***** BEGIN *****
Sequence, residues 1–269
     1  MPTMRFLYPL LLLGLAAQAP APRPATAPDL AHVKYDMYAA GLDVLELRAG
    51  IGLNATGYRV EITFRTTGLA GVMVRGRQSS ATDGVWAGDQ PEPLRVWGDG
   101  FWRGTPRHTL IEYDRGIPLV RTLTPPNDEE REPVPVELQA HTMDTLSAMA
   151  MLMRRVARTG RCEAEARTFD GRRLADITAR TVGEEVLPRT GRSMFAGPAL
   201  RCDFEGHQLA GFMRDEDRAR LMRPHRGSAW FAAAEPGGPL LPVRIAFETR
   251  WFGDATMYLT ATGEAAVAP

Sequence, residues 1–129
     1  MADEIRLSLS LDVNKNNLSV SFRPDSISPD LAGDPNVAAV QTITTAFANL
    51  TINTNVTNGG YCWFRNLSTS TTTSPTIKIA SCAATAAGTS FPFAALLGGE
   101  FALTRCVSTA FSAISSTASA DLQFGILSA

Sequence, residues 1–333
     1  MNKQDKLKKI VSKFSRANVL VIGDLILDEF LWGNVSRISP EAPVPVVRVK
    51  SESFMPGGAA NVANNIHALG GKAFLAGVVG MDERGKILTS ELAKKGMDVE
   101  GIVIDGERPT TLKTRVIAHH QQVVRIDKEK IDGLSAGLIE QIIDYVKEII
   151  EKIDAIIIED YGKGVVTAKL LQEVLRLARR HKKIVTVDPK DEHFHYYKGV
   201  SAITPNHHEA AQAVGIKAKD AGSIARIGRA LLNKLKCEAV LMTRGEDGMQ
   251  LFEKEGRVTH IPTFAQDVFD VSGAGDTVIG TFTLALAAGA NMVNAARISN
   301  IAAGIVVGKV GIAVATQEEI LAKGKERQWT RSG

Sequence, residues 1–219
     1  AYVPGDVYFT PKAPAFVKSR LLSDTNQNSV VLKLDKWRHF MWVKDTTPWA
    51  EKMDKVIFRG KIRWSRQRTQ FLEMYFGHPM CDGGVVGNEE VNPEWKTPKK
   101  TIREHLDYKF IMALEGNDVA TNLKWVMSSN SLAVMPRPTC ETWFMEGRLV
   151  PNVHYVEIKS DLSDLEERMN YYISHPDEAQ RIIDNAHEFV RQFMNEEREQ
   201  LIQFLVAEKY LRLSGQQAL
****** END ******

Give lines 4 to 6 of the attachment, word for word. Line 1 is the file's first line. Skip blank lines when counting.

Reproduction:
   101  FWRGTPRHTL IEYDRGIPLV RTLTPPNDEE REPVPVELQA HTMDTLSAMA
   151  MLMRRVARTG RCEAEARTFD GRRLADITAR TVGEEVLPRT GRSMFAGPAL
   201  RCDFEGHQLA GFMRDEDRAR LMRPHRGSAW FAAAEPGGPL LPVRIAFETR